* This is the Professional Version. *
Capacity (Competence) and Incapacity
Historically, “incapacity” was considered primarily a clinical finding, and “incompetency” was considered a legal finding. That distinction, at least in terminology, is no longer firmly recognized; most state laws now use “incapacity” rather than “incompetency,” although the terms are frequently used interchangeably. The more useful distinction in terminology now is between clinical incapacity and legal incapacity to make a health care decision.
People who have clinical and legal capacity with respect to health care have the right to make health care decisions, including refusal of medically necessary care, even if death may result from refusal. People who lack both capacities cannot make health care decisions. However, if a patient deemed by a physician to lack clinical capacity expresses a preference regarding a health care decision, the physician is not entitled to override that preference unless a court also deems the person lacks legal capacity to make that decision.
Clinical capacity to make health care decisions is the ability to understand the benefits and risks of the proposed health care, to understand possible alternatives, and to make and communicate a health care decision. Assessment of this capacity requires evaluation of the following:
Appropriate health care practitioners determine this type of capacity when needed and document the determination process. Qualified health care practitioners, as defined by state laws, are legally empowered to make these determinations in almost every state. The courts become involved only when the determination itself or another aspect of the process is challenged.
Clinical capacity is specific to a particular health care decision and thus is limited to that decision. The level of clinical capacity needed to make a health care decision depends on the complexity of that decision. A patient with some decrease in capacity, even one with fairly severe cognitive deficits, may still have enough capacity to make simple health care decisions, such as whether to allow a rectal examination or placement of an IV. However, the same patient may lack the capacity to decide whether to participate in a clinical trial. All feasible attempts should be made to involve the patient in decision making. Ignoring the decision of patients with capacity or accepting the decision of patients without capacity is unethical and risks civil liability. A patient's ability to carry out a decision is also important for physicians to assess. For example, a patient with a broken leg may be able to make the decision to return home but be incapable of self-care during convalescence. Providing the necessary support to carry out a decision becomes an important goal of care.
Capacity may be intermittent, variable, and affected by the environment. Patients who lack capacity due to intoxication, delirium, coma, severe depression, agitation, or other impairment may regain capacity when their impairment resolves. To obtain consent to treat a patient who lacks clinical capacity, health care practitioners must contact an agent or proxy designated in the patient’s durable power of attorney for health care or another legally authorized surrogate (see Consent and Surrogate Decision Making). If urgent or emergency care is needed (eg, for an unconscious patient after an acute event) and there is no designated surrogate or the surrogate is unavailable, the doctrine of presumed consent applies: Patients are presumed to consent to any necessary emergency treatment. The process of making emergency health care decisions for people who cannot make decisions for themselves is rarely litigated in court. However, if the patient or other appropriate party later objects to a particular medical decision or to the determination of clinical incapacity, the courts may become involved.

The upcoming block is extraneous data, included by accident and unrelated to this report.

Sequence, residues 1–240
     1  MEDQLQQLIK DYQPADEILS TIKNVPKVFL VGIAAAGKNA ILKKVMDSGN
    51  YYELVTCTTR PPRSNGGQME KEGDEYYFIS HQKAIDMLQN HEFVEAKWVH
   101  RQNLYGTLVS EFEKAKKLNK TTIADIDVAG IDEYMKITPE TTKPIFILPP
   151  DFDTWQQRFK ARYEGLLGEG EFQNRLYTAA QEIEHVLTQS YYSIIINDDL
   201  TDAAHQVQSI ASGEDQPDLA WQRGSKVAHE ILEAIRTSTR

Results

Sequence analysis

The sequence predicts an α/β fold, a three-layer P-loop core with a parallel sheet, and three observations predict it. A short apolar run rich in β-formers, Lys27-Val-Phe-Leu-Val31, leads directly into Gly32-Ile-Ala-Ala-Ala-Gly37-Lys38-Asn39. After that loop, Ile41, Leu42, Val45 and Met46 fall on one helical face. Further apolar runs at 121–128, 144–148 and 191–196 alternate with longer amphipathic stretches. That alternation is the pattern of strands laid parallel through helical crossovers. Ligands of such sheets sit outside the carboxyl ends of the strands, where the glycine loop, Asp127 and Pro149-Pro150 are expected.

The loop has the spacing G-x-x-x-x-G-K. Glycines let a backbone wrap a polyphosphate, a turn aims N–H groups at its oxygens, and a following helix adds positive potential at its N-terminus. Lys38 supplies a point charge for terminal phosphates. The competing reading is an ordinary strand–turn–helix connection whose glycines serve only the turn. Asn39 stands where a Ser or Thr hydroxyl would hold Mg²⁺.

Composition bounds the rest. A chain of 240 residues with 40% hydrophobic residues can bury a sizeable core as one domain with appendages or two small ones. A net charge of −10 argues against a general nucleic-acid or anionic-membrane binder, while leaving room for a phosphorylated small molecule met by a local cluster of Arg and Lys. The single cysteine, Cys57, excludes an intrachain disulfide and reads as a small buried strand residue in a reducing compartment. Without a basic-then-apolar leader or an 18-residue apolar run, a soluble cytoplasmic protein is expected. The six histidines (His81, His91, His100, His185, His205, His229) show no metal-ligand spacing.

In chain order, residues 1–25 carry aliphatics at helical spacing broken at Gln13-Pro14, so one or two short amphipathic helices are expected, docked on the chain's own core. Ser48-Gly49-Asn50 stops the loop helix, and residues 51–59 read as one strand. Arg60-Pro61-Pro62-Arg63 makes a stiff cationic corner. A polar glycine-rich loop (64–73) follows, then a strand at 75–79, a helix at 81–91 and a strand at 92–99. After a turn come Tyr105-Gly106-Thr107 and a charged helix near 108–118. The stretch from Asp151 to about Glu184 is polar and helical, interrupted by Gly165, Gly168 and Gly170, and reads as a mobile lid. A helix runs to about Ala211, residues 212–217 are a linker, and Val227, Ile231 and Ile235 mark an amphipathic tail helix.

Legal capacity (also called competency) is a legal status; it cannot be determined by health care practitioners. However, health care practitioners play an important role in the assessment process. In the US, people aged 18 are presumptively considered legally capable of making health care decisions for themselves. Emancipated minors are people below the age of majority (usually 18) who are also considered legally capable. The definition of this group varies by state but generally includes minors who are married, who are in the armed forces, or who have obtained a court decree of emancipation.
People remain legally capable until a judge with appropriate jurisdiction declares them legally incapacitated with respect to some or all areas of functioning. This declaration usually occurs through a guardianship or conservatorship procedure in the courts. The legal requirements for declaring legal incapacity vary by state. However, substantiation of some combination of the following is typically required:
A disabling condition (eg, intellectual disability, a mental disorder, dementia, altered consciousness, chronic use of drugs)
A lack of cognitive ability to receive and evaluate information or to make or communicate decisions
An inability to meet essential requirements of physical health, safety, or self-care without protective intervention
A finding that guardianship or conservatorship is the least restrictive alternative for protecting the person
If physicians question a person’s legal capacity, they may seek a court’s determination. Physicians may be asked to testify at or provide documentation for a hearing to determine legal capacity.
When the court declares a person legally incapacitated, it appoints a guardian or conservator to make legally binding decisions for the person, either in all matters or in a limited range of matters specified by the court. Courts can also make decisions about issues in dispute (eg, the meaning of a particular instruction in the person’s living will).
* This is a professional Version *